And now, whenever I’m sure I know what someone else “needs,” I remember that incident and back off a little. There’s no way that one person can read the mind of another to know all his plans, goals, and tastes.

You may know a great deal about the desires of your intimate friends. But indiscriminate gift-giving and favor-doing is usually a waste of resources — or, worse, it can upset the well-laid plans of the receiver.

When you give to someone else, you might provide something he values — but probably not the thing he considers most important. If you expend those resources for yourself, you automatically devote them to what you consider to be most important. The time or money you’ve spent will most likely create more happiness that way.

If your purpose is to make someone happy, you’re more apt to succeed if you make yourself the object. You’ll never know another person more than a fraction as well as you can know yourself.

Do you want to make someone happy? Go to it — use your talents and your insight and benevolence to bestow riches of happiness upon the one person you understand well enough to do it efficiently — yourself. I guarantee that you’ll get more genuine appreciation from yourself than from anyone else.

Give to you.

Support your local self.


As I indicated earlier in this chapter, it’s too often assumed that there are only two alternatives: (1) sacrifice your interests for the benefit of others; or (2) make others sacrifice their interests for you. If nothing else were possible, it would indeed be a grim world.

Fortunately, there’s more to the world than that. Because desires vary from person to person, it’s possible to create exchanges between individuals in which both parties benefit.

For example, if you buy a house, you do so because you’d rather have the house than the money involved. But the seller’s desire is different — he’d rather have the money than the house. When the sale is completed, each of you has received something of greater value than what you gave up — otherwise you wouldn’t have entered the exchange. Who, then, has had to sacrifice for the other?

In the same way, your daily life is made up of dozens of such exchanges — small and large transactions in which each party gets something he values more than what he gives up. The exchange doesn’t have to involve money; you may be spending time, attention, or effort in exchange for something you value.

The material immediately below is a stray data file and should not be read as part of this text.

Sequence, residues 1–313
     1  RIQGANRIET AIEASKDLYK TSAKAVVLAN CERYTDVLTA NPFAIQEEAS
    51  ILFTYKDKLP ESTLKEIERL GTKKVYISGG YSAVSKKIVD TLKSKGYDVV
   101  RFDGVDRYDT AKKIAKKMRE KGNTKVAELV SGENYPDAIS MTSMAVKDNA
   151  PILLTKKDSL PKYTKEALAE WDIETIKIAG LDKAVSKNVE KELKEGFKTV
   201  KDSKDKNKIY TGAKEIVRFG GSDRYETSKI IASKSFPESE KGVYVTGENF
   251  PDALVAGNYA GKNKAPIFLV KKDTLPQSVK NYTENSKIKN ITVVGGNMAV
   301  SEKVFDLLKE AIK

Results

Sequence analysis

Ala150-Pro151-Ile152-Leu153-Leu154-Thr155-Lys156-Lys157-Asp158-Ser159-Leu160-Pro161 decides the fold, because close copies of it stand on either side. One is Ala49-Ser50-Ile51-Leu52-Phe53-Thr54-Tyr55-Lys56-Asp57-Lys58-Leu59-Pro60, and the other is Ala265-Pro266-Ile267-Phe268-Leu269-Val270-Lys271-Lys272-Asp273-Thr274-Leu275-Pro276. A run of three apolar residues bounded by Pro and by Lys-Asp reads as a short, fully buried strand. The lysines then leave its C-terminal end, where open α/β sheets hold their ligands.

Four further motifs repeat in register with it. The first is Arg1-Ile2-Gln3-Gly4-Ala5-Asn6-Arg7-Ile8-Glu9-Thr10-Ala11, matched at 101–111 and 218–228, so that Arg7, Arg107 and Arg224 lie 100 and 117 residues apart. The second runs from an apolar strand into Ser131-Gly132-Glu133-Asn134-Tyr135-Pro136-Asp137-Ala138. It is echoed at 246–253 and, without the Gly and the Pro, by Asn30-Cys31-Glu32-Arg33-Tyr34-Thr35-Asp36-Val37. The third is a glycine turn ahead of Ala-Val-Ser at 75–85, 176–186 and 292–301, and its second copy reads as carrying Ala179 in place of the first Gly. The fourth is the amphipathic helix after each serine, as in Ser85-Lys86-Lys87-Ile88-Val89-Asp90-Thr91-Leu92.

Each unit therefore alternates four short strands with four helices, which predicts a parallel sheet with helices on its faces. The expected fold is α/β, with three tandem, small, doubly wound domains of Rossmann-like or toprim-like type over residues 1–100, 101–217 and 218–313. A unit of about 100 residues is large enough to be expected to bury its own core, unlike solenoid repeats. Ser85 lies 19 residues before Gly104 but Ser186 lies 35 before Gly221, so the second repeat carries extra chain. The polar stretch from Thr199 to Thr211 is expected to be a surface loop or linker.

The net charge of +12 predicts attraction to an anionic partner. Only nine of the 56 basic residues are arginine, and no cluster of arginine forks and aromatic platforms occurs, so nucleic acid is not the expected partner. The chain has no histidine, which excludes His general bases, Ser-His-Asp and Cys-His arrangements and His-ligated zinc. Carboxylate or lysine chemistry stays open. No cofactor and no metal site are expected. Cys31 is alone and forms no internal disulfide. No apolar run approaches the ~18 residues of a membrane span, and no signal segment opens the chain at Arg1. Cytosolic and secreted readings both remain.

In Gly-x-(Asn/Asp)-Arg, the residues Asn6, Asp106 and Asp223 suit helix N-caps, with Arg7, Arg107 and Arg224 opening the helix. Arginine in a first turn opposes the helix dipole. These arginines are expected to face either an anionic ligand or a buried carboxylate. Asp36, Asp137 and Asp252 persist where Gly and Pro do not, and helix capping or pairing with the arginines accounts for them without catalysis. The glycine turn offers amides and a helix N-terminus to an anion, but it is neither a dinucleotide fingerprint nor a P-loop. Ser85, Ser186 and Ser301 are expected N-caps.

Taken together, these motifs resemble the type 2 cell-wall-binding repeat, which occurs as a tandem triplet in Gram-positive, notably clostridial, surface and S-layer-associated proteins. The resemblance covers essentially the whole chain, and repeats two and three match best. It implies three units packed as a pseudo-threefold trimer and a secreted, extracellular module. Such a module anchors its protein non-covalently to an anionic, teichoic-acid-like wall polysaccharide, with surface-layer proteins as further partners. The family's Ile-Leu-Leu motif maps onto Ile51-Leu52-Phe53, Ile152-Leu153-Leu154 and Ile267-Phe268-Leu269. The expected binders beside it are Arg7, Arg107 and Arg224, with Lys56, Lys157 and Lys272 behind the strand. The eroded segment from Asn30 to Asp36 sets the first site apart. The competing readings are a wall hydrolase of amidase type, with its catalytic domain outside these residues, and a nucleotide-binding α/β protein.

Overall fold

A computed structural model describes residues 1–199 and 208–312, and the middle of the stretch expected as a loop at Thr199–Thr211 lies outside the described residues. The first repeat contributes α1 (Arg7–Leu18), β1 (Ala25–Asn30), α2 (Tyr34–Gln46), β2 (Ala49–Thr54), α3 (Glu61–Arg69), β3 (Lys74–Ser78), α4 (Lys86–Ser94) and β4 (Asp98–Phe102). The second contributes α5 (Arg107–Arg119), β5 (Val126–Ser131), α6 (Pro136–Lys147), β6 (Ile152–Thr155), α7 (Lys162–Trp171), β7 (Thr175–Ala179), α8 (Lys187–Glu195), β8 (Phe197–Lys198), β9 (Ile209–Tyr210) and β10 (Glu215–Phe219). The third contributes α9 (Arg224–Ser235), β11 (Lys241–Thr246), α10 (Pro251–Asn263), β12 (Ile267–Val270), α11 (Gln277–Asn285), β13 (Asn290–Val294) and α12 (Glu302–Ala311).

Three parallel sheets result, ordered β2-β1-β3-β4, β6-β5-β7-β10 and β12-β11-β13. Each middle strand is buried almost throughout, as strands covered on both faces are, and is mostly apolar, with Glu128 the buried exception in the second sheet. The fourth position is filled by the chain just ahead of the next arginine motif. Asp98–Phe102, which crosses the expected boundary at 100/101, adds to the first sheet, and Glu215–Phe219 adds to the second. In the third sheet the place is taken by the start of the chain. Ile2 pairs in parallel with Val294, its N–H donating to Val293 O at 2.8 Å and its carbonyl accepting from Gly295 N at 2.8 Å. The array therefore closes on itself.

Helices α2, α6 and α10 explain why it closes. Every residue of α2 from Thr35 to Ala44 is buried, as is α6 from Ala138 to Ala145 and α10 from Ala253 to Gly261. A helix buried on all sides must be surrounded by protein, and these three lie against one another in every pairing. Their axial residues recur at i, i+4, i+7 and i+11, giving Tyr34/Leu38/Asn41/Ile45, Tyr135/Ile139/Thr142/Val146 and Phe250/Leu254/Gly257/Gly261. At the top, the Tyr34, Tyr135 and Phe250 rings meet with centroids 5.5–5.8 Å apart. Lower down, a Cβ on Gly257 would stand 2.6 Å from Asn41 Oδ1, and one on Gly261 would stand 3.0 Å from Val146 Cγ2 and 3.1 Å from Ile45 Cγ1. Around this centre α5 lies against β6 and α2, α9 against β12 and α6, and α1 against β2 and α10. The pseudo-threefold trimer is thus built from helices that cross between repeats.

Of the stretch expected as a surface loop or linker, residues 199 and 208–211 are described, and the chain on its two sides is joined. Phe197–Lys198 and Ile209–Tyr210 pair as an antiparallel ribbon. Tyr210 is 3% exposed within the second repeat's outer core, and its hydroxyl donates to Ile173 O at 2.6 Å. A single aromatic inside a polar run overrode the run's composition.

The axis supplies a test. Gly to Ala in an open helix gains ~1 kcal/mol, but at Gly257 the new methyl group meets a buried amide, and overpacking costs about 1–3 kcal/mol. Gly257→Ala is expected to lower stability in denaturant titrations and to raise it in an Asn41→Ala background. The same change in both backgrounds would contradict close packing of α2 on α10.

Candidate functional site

Mutually beneficial relationships are possible when desires are compatible. Sometimes the desires are the same — like going to a movie together. Sometimes the desires are different — like trading your money for someone’s house. In either case, it’s the compatibility of the desires that makes the exchange possible.

No sacrifice is necessary when desires are compatible. So it makes sense to seek out people with whom you can have mutually beneficial relationships.

Often the “unselfishness” issue arises only because two people with nothing in common are trying to get along together — such as a man who loves bowling and hates opera married to a woman whose tastes are the opposite. If they’re to do things together, one must “sacrifice” his pleasure for the other. So each might try to encourage the other to be “unselfish.”

If they were compatible, the issue wouldn’t arise because each would be pleasing the other by doing what was in his own self-interest.

An efficiently selfish person is sensitive to the needs and desires of others. But he doesn’t consider those desires to be demands upon him. Rather, he sees them as opportunities — potential exchanges that might be beneficial to him. He identifies desires in others so that he can decide if exchanges with them will help him get what he wants.

He doesn’t sacrifice himself for others, nor does he expect others to be sacrificed for him. He takes the third alternative: he finds relationships that are mutually beneficial so that no sacrifice is required.

Please Yourself
Everyone is selfish; everyone is doing what be believes will make himself happier. The recognition of that can take most of the sting out of accusations that you’re being “selfish.” Why should you feel guilty for seeking your own happiness when that’s what everyone else is doing, too?

The demand that you be unselfish can be motivated by any number of reasons: that you’d help create a better world, that you have a moral obligation to be unselfish, that you give up your happiness to the selfishness of someone else, or that the person demanding it has just never thought it out.

Whatever the reason, you’re not likely to convince such a person to stop his demands. But it will create much less pressure on you if you realize that it’s his selfish reason. And you can eliminate the problem entirely by looking for more compatible companions.

To find constant, profound happiness requires that you be free to seek the gratification of your own desires. It means making positive choices.

If you slip into the Unselfishness Trap, you’ll spend a good part of your time making negative choices — trying to avoid the censure of those who tell you not to think of yourself. You won’t have time to be free.

If someone finds happiness by doing “good works” for others, let him. That doesn’t mean that’s the best way for you to find happiness.

And when someone accuses you of being selfish, just remember that he’s upset only because you aren’t doing what he selfishly wants you to do.

Poke any saint deeply enough, and you touch self-interest.

— Irving Wallace

[From How I Found Freedom in an Unfree World, 1973]